Alteration |
Music Terms

Alteration |

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terms and concepts

from the late alteratio – change

1) Raising or lowering the degree of the main scale without changing its name. Accidentals: (sharp, rising by a semitone), (flat, falling by a semitone), (double-sharp, rising by a tone), (double-flat, falling by a tone). Signs of triple increase and decrease are not used (an exception is in Rimsky-Korsakov’s The Tale of the Invisible City of Kitezh, number 220).

Accidentals at the beginning of a musical line with a key (key) are valid in all octaves until they change. Accidentals before a note (random) are only valid in one octave within a given bar. Refusal of alteration is indicated by the sign (bekar).

Initially, the concept of alteration arose in connection with the dual outline of the sound B, which was already encountered in the 10th century. A round sign denoted a lower note (or “soft”, French -mol, hence the term flat); rectangular – higher (“square”, French. sarry, hence the becar); the sign for a long time (until the end of the 17th century) was an equivalent version of the bekar.

At the turn of the 17-18 centuries. random and began to act until the end of the bar (previously they remained valid only when the same note was repeated), double accidentals were introduced. In modern music, due to the tendency towards chromatization of the tonal system, the setting of key accidentals often loses its meaning (they have to be canceled immediately). In dodecaphone music, accidentals are usually placed before each altered note (with the exception of those repeated within a measure); double signs are not used.

2) In the doctrine of harmony, alteration is usually understood as a chromatic modification of the main unstable steps of the scale, sharpening their attraction to stable ones (to the sounds of tonic triad). For example, in C major:

Alteration |

Chords containing chromatically modified sounds are called altered. The most important of them form 3 groups. The basis of each of them is an increased sixth, which is located a semitone above one of the sounds of the tonic triad. Table of altered chords (according to I.V. Sposobin):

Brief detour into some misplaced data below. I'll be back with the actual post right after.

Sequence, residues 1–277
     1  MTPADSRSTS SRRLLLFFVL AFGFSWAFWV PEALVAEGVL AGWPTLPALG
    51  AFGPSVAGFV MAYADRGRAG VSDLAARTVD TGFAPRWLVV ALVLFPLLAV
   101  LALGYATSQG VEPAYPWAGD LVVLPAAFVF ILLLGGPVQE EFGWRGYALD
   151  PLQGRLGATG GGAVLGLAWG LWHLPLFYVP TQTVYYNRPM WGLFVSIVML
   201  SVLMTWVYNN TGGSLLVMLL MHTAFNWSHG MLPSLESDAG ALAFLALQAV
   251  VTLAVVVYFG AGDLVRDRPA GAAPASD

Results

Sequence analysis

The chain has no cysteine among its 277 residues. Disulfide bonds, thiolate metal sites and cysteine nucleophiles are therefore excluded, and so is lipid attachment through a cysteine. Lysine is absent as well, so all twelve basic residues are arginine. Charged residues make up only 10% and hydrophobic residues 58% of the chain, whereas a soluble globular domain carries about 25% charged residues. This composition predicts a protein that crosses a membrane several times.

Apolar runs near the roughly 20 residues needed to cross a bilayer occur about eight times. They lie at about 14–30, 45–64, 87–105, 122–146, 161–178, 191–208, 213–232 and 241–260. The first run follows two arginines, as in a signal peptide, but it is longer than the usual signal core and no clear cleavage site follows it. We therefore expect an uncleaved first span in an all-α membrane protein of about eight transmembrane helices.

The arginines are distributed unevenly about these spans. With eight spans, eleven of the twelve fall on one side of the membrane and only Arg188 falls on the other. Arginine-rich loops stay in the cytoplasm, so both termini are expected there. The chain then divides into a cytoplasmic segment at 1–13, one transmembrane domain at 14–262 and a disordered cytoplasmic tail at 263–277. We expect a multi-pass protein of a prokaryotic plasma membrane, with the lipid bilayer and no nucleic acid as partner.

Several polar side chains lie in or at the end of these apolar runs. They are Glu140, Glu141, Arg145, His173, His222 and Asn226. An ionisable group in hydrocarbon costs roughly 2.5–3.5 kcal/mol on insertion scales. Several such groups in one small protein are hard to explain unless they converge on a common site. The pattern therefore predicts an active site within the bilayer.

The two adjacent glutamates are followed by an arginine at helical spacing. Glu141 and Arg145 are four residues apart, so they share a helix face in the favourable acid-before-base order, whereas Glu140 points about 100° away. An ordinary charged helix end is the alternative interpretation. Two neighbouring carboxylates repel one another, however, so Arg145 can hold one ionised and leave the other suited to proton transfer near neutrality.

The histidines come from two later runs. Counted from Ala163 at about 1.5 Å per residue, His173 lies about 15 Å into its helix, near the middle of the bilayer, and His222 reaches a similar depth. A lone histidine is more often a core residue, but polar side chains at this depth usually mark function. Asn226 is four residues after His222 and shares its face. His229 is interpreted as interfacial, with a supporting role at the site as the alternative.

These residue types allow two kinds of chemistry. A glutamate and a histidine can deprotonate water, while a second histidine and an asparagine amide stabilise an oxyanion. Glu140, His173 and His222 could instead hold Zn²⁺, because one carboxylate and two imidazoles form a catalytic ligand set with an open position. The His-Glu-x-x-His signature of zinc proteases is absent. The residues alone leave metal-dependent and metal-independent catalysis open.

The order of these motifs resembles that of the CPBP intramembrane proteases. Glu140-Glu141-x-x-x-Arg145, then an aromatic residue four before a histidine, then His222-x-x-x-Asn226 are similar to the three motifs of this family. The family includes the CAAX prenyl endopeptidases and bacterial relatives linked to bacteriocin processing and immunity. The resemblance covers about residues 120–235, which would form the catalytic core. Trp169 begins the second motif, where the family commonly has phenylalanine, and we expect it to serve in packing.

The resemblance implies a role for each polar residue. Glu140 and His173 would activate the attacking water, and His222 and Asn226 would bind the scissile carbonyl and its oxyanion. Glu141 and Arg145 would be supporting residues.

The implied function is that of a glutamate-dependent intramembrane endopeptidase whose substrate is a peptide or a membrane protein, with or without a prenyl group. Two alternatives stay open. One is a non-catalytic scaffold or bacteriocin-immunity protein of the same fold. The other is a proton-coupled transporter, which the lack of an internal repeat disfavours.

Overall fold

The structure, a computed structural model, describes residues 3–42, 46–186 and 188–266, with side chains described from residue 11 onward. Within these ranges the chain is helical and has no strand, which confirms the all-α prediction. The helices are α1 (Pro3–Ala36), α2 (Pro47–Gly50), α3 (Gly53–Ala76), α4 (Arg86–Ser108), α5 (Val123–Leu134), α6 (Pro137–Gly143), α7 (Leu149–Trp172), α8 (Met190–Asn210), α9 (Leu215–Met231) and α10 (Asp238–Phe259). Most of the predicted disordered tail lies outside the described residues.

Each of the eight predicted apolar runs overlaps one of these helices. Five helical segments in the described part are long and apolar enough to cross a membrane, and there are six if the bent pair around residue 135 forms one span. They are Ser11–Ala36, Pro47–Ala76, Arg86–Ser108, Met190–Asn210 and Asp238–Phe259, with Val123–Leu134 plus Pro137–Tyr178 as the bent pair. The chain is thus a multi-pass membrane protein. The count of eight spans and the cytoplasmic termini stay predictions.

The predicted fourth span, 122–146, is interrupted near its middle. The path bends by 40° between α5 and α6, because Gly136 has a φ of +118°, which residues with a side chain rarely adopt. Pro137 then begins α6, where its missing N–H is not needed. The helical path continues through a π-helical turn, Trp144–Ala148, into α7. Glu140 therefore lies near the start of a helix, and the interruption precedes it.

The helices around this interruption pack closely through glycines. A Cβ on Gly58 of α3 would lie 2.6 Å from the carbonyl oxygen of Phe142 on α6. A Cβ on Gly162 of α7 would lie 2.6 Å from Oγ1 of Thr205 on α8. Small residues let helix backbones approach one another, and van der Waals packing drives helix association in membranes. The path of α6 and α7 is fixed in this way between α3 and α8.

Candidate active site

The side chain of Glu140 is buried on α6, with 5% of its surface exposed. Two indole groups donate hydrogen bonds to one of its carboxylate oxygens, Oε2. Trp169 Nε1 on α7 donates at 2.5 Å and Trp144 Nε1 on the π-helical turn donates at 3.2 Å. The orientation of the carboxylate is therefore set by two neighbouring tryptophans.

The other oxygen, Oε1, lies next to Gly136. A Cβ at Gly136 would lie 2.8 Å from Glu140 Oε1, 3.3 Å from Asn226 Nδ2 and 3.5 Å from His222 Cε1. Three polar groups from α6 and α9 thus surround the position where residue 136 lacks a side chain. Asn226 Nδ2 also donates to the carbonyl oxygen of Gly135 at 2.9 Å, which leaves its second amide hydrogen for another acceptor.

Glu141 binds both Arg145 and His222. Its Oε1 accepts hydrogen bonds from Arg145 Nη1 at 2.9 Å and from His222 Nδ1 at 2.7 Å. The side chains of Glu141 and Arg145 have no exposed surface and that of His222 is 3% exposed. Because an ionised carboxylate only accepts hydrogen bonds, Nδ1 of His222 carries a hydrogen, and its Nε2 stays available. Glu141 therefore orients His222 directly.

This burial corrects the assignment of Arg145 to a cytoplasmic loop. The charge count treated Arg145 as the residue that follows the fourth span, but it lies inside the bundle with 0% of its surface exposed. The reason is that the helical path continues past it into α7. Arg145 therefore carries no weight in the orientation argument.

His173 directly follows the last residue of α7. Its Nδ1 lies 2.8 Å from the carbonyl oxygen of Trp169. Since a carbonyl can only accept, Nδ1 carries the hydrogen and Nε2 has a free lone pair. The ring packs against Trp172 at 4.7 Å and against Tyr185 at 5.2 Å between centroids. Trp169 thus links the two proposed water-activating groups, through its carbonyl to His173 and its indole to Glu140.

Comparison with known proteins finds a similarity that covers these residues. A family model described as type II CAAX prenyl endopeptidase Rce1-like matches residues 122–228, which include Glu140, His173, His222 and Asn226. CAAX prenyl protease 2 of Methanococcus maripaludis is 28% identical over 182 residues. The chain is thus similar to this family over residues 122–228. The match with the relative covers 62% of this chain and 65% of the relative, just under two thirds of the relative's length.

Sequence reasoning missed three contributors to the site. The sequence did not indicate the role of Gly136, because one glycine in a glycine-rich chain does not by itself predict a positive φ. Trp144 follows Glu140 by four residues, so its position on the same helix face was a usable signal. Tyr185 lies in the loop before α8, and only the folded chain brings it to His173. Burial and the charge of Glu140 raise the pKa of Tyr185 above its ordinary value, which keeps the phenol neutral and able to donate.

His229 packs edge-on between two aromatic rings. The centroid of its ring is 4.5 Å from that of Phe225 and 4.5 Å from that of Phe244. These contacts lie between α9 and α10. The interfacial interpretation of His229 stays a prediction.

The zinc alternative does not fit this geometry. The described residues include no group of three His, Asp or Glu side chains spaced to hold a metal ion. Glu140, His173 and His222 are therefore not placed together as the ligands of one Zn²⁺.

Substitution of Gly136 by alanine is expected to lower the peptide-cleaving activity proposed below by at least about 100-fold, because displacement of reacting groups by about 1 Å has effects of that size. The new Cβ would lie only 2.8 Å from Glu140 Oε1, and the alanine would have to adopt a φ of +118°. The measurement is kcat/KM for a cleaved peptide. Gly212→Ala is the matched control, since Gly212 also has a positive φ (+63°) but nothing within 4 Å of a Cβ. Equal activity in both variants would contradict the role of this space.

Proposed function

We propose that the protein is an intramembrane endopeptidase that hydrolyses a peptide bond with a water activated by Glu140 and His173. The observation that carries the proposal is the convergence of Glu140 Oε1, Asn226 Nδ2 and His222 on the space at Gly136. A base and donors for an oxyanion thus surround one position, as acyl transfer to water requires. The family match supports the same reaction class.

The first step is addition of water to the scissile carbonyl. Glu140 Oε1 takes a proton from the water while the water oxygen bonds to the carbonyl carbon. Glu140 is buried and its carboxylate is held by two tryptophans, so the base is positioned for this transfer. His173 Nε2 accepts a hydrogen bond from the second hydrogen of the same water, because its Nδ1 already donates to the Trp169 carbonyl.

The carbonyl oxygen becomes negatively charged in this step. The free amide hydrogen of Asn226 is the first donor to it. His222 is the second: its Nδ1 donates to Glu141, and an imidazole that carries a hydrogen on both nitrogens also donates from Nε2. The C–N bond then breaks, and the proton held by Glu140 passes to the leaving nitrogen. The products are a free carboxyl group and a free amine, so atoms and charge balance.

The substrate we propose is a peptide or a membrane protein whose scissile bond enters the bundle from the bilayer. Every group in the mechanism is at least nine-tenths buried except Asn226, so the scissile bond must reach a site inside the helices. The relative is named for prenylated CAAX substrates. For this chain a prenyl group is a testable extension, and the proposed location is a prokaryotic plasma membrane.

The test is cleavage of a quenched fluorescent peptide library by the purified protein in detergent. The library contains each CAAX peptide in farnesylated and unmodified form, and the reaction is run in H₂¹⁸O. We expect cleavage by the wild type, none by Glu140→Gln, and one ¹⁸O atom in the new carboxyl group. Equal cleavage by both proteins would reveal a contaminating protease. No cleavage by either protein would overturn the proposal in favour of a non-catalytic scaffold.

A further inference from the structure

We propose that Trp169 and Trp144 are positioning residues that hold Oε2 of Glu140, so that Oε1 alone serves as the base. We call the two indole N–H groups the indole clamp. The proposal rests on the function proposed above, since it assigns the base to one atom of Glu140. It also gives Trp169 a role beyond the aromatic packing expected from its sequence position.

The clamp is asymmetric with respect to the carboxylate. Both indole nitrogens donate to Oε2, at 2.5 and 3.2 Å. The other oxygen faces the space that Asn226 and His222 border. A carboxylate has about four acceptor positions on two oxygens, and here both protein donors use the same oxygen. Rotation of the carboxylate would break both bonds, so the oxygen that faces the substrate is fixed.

Alteration |

In another interpretation, alteration generally means any chromatic modification of a diatonic chord, regardless of whether the chromatic move is directed to the tonic sounds or not (X. Riemann, G. Schenker, A. Schoenberg, G. Erpf). For example, in C-dur, ce-ges is an alteration of the XNUMXst degree triad, a-cis-e is the XNUMXth degree triad.

3) In mensural notation, alteration is the doubling of the second of two equal note durations (for example, the second of two semibrevises) when converting a two-part meter into a three-part one; | Alteration | | in double meter (in modern rhythmic notation) turn into | Alteration | | in tripartite.

References: Tyulin Yu., Teaching about harmony, part I, L., 1937, M., 1966; Aerova F., Ladova alteration, K., 1962; Berkov V., Harmony, part 2, M., 1964, (all 3 parts in one volume) M., 1970; Sposobin I., Lectures on the course of harmony, M., 1968; Schenker H., Neue musikalische Theorien und Phantasien…, Bd 1, B.-Stuttg., 1906; Schönberg A., Harmonlelehre, Lpz.-W., 1911, W., 1949; Riemann H., Handbuch der Harmonie- und Modulationslehre, Lpz., 1913; Kurth E., Romantische Harmonik und ihre Krise in Wagners “Tristan”, Bern, 1920; Erpf H., Studien zur Harmonie- und Klangtechnik der neueren Musik, Lpz., 1927.

Yu. N. Kholopov

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